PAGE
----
Yeah, absolutely. “Younger” is a really good example. It’s so theatrical, narratively. I feel like we write really well to a narrative, or in that context of storytelling. We have a song called “When I Am King” that is also super-theatrical and Queen-like that I’m really excited about. This record has theatricality all over it.
And how did the iconic queer film Paris Is Burning [about the drag-ball scene in New York in the late ’80s] become the inspiration for “Hooray for You”?
I showed everyone the clip of [drag legend] Dorian Corey at the very end of Paris Is Burning having that moment in front of the mirror, where she’s applying her makeup and saying, “You don’t have to bend the whole word. I think it’s better to just enjoy it.” And at the end she goes, “If you shoot an arrow and it goes real high, hooray for you.” And we did something really special with that moment: We took a sample and made it into a track of its own that I’m really excited for people to hear.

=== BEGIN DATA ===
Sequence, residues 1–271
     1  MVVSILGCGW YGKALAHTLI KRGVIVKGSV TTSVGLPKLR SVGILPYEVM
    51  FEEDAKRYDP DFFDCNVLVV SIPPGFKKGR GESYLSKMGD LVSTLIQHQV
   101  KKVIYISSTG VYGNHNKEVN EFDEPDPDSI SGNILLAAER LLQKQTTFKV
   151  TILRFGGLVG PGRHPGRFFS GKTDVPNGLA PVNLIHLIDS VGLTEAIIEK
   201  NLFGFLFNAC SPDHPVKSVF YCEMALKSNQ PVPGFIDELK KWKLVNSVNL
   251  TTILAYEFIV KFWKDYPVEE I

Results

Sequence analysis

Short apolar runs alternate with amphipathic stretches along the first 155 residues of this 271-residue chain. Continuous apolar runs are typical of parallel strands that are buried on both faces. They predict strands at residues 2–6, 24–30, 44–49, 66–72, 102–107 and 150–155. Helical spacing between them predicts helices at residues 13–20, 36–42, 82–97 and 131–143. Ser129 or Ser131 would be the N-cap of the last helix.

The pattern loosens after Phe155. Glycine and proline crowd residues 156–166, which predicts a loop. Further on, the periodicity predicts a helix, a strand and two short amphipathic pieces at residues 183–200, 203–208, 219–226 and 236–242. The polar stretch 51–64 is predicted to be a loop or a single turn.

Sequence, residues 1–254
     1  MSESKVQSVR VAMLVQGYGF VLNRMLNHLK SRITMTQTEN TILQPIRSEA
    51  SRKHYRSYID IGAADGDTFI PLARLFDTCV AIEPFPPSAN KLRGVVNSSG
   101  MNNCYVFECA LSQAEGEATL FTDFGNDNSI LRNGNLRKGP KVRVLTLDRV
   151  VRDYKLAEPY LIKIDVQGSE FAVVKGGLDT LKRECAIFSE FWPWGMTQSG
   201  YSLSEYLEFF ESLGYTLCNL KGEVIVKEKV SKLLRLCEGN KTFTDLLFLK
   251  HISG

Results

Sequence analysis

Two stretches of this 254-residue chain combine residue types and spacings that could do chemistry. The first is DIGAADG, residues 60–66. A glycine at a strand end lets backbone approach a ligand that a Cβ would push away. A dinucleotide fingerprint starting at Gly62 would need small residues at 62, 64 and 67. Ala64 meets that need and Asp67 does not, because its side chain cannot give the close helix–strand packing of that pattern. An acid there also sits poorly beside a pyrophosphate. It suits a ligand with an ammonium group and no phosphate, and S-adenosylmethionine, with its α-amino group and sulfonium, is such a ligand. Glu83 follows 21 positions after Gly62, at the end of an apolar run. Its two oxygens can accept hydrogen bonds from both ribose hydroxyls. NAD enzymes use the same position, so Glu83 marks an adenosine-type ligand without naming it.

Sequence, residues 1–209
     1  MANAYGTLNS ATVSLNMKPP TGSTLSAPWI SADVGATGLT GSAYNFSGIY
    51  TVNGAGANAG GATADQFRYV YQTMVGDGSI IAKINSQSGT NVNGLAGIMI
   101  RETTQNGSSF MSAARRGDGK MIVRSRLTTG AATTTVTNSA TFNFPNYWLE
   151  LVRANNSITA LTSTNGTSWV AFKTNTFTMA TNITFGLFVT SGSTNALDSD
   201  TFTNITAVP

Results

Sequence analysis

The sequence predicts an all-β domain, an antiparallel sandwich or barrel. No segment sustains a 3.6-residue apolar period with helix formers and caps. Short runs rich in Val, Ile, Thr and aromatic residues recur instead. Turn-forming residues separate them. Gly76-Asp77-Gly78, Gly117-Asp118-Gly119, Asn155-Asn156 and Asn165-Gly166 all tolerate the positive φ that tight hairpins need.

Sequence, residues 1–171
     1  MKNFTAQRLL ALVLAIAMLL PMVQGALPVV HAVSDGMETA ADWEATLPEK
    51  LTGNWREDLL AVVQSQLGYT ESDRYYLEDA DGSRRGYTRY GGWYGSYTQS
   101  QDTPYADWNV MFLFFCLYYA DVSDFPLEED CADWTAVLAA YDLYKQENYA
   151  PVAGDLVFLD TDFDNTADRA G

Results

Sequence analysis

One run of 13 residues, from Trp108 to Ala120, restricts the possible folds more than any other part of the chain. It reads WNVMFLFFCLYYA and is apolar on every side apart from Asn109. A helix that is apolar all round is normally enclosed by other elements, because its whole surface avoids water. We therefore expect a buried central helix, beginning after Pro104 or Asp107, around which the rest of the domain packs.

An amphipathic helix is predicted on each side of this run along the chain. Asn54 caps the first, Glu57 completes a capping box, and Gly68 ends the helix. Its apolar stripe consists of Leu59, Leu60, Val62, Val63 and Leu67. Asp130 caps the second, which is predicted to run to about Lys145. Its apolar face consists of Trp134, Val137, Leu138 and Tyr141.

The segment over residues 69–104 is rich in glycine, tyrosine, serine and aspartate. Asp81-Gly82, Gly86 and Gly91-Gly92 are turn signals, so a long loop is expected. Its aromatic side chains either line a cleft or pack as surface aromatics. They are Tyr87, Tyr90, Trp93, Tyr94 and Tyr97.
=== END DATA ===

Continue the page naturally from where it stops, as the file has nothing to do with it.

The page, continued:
It’s exciting to have this on a record — like, this will live forever. And also to push Paris Is Burning because that movie is iconic and brilliant, and I only just found out about it last year.
I imagine after “Say Something” the pressure to top yourselves or reach that same level again was immense.
In the moment, we would never say there’s pressure. I’d be like, “No, we’re just writing!” I’d probably say that. “Yeah, we love writing!” But looking back and reflecting on how we wrote with all sorts of pop writers and pop producers, it’s very clear we were going through the motions of creating something under this pressure. Even if it was subconscious, there was this pressure, for sure.